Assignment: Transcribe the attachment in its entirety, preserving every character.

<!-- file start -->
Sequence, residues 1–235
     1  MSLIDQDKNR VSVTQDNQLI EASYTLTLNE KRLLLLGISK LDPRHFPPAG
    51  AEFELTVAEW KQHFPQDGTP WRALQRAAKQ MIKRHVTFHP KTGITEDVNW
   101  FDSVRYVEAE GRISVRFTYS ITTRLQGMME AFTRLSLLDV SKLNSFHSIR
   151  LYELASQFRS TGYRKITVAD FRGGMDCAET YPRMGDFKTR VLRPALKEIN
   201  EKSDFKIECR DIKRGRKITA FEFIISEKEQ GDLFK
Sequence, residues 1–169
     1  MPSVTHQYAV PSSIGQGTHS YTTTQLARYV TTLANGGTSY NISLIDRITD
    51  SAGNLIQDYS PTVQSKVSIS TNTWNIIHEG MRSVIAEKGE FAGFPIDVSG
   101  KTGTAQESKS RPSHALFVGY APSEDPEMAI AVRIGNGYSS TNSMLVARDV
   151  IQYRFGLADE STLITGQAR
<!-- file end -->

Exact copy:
Sequence, residues 1–235
     1  MSLIDQDKNR VSVTQDNQLI EASYTLTLNE KRLLLLGISK LDPRHFPPAG
    51  AEFELTVAEW KQHFPQDGTP WRALQRAAKQ MIKRHVTFHP KTGITEDVNW
   101  FDSVRYVEAE GRISVRFTYS ITTRLQGMME AFTRLSLLDV SKLNSFHSIR
   151  LYELASQFRS TGYRKITVAD FRGGMDCAET YPRMGDFKTR VLRPALKEIN
   201  EKSDFKIECR DIKRGRKITA FEFIISEKEQ GDLFK
Sequence, residues 1–169
     1  MPSVTHQYAV PSSIGQGTHS YTTTQLARYV TTLANGGTSY NISLIDRITD
    51  SAGNLIQDYS PTVQSKVSIS TNTWNIIHEG MRSVIAEKGE FAGFPIDVSG
   101  KTGTAQESKS RPSHALFVGY APSEDPEMAI AVRIGNGYSS TNSMLVARDV
   151  IQYRFGLADE STLITGQAR